Office Mobile free on Android, iPhone is a clever bait

Microsoft made Office Mobile available for free since launch, on both Android and iOS. But, in order to take advantage of its features, users had to tie the app to an Office 365 subscription. So it was free, but not void of additional costs.

Yesterday, Microsoft launched Office for iPad and announced a subscription is now no longer necessary to get the best out of Office Mobile, which was just updated on both platforms to reflect this decision. While this only applies to home users -- which means a subscription is still needed for non-personal (commercial) use -- it is certainly a welcome change. But, it also means Windows Phone just lost one of its most important advantages over its main rivals.

Devices and Services Mantra

The Office playing field is now, basically, level between the three most-popular smartphone operating systems. This makes the job of the Windows Phone marketing team more difficult, as it now has one less exclusive feature to advertise to consumers. Tough luck.

Microsoft may naturally want Windows Phone to be at the top of the food chain, but it is also committed to its devices and services strategy. Since Android and iOS make for more than 90 percent of smartphone shipments, which in 2013 meant close to one billion units, ensuring Office has a place in mobile users' hearts and devices is more important than Windows Phone altogether, which struggles to gain traction. Microsoft simply has bigger fish to fry, and it now seems fully aware of that.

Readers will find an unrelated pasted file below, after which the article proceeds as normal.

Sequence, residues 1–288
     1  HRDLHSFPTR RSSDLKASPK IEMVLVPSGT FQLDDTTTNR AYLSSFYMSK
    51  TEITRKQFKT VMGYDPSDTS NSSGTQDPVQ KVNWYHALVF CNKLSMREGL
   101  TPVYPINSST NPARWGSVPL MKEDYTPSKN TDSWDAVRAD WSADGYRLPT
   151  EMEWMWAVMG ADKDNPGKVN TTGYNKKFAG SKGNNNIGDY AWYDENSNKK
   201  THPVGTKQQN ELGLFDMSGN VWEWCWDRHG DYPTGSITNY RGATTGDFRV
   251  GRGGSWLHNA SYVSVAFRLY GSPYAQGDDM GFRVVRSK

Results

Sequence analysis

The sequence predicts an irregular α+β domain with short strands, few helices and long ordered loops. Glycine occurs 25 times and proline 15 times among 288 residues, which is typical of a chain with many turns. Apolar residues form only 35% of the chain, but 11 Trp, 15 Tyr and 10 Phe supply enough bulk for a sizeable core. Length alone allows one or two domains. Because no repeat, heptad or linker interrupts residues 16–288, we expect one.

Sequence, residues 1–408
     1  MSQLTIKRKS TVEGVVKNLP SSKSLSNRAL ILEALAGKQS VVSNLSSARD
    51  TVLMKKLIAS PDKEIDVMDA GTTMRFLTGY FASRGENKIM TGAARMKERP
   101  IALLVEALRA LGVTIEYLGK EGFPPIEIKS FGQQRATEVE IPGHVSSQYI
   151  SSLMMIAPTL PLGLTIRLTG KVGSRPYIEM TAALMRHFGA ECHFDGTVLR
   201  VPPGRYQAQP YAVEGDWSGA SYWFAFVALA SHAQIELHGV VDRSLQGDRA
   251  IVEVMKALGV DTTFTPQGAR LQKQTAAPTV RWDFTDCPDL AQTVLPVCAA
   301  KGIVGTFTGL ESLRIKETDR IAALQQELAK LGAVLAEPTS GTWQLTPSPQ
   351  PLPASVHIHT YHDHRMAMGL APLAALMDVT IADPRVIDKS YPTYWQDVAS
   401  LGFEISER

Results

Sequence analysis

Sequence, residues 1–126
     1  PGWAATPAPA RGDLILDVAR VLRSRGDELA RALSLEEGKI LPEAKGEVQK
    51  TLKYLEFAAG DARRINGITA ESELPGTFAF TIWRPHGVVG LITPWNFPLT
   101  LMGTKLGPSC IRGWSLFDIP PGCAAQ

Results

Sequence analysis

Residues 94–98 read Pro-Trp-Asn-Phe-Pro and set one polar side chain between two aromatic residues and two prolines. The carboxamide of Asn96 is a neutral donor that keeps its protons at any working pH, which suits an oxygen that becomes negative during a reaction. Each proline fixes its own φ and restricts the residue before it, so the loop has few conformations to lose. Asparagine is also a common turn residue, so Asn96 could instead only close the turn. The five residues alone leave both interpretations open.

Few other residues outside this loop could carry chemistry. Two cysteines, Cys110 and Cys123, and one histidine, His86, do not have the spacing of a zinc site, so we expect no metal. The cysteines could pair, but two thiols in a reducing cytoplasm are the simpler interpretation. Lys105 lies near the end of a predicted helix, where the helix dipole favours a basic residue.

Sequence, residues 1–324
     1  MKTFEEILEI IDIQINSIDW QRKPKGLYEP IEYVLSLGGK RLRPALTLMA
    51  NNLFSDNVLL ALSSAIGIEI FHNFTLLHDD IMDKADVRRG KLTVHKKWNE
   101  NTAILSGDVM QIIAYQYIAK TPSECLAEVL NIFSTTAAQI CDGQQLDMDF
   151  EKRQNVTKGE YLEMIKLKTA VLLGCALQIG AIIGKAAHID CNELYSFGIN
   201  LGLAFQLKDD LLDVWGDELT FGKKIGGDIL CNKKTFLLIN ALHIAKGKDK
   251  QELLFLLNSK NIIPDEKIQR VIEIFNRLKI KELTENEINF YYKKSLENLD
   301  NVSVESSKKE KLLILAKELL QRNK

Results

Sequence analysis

Potential Revenue Gains

Office Mobile may now be completely free on the two platforms, however this is not a blow to Microsoft's revenues. I doubt iPhone and Android users bought Office 365 just to use the app, which, realistically speaking, is not nearly worth $99.99 per year. I suspect most -- if not all -- enrolled their smartphone to their already paid-for subscription.

That said, a free Office Mobile may lead to a larger number of Android and iPhone users liking the app, after being able to use it for free, and then purchasing an Office 365 subscription -- that is not cheap, but important to Microsoft's long-term revenues -- in order to use the suite on their tablets too, which are used increasingly as PC replacements.

The (Clever) Bait

Truth is, Office does not actually lend itself well to smartphone use, based on my experience with Windows Phone. To be productive, a physical keyboard is a must-have as it makes it easy to input text, format it, and write formulas (the things I use Office for the most).

The small screen size of smartphones, combined with the lack of a physical keyboard, makes it very difficult to make professional-looking documents and presentations, and create advanced spreadsheets. For quick editing and basic tasks it is adequate, but for anything else users are better served by a PC or tablet with attached keyboard, like the iPad which is often paired with one. So...

This makes free Office Mobile a segue to Office on iPads, with an Office 365 subscription in tow. It is very likely Android tablets are next. Give a little, ask a lot in return. It is clever, is it not?

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